The helicopter view
With an FDI rate in the top 20 worldwide, South Korea (aka Republic of Korea) is not only good for business but also a popular tourist destination. Since splitting from North Korea, the economy has blossomed. It has many free trade agreements and is now the fourth largest economy in Asia.
Rising exports and domestic consumption in 2017 should produce economic growth at over 3%. This will slow in 2018, with an ageing population, inflexible labour market and over-reliance on exports.
Fast economic development has drawn foreign investment, rising to over $22bn in 2017. Europe, Japan and the US are the biggest investors.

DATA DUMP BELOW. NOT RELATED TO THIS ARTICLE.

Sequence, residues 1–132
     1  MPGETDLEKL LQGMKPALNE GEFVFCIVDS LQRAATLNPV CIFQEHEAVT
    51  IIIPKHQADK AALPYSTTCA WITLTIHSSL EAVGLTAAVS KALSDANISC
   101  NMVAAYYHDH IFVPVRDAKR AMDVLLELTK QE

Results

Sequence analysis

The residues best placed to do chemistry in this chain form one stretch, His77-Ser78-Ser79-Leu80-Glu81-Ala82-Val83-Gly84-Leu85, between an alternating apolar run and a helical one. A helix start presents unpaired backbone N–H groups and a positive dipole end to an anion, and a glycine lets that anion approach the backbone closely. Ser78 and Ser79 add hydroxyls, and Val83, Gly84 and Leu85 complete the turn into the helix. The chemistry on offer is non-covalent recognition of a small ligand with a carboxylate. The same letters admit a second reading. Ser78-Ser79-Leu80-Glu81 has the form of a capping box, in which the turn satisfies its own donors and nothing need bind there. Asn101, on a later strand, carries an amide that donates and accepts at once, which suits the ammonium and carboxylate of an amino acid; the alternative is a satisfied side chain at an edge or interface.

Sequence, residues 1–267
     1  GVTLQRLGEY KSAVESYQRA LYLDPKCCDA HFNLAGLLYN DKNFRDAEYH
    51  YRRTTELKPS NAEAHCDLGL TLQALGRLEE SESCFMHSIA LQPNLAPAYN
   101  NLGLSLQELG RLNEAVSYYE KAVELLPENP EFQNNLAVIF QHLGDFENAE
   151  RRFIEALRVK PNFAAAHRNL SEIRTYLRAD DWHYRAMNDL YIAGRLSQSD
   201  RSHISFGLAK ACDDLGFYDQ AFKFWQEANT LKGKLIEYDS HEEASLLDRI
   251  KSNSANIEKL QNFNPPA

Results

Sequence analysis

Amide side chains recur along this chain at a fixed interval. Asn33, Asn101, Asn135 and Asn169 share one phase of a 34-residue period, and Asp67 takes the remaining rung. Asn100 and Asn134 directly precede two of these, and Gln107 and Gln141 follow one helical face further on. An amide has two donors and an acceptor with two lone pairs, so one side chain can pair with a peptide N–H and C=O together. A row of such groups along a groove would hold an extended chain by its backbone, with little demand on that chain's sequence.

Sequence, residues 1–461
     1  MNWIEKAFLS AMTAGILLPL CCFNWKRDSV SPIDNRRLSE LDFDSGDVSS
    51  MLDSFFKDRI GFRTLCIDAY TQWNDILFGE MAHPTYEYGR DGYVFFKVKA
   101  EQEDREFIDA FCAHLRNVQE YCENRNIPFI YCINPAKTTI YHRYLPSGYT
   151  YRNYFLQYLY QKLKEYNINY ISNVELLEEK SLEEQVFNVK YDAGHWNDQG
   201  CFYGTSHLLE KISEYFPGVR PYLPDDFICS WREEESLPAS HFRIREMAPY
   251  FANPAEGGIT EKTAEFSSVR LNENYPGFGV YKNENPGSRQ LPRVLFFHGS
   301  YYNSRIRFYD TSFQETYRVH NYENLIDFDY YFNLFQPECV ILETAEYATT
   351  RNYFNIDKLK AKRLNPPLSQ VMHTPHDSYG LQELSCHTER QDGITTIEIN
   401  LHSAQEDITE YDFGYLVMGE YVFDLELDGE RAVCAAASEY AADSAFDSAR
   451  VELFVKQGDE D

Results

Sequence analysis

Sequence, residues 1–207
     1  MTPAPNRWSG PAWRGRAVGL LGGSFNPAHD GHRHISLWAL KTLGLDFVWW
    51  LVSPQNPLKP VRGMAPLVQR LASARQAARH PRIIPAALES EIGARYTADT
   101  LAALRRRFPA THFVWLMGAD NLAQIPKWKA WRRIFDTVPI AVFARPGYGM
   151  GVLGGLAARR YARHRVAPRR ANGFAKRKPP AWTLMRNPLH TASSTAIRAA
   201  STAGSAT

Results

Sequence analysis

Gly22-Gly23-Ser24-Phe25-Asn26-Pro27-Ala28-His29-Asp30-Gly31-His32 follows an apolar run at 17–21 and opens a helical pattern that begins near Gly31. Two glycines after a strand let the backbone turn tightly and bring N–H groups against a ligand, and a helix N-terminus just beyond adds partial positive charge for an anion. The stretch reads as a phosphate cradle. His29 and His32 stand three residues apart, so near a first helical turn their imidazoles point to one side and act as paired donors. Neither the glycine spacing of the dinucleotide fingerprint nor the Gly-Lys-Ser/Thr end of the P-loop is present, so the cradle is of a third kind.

Supply chain issues
South Korea is one of the world's largest exporters. Exports include electronics, cars, steel and textiles. It imports crude oil, food, machinery and chemicals.
Once a recipient of international aid, it is now a contributor, and can provide lessons for developing economies. South Korea has highly skilled workers, and strong research and development capabilities. Its shipping and air cargo infrastructure offer potential for market expansion.
Some of the country’s regulatory framework is seen as restrictive. Productivity is reliant on a few large corporations, known as chaebols, but it is now looking to foster entrepreneurs and innovation.
South Korea is an established global trading partner, with an economy based largely on export. While a recent increase in minimum wage is hoped to drive up domestic household spend, global trade wars could affect demand for the country’s manufactured goods and components.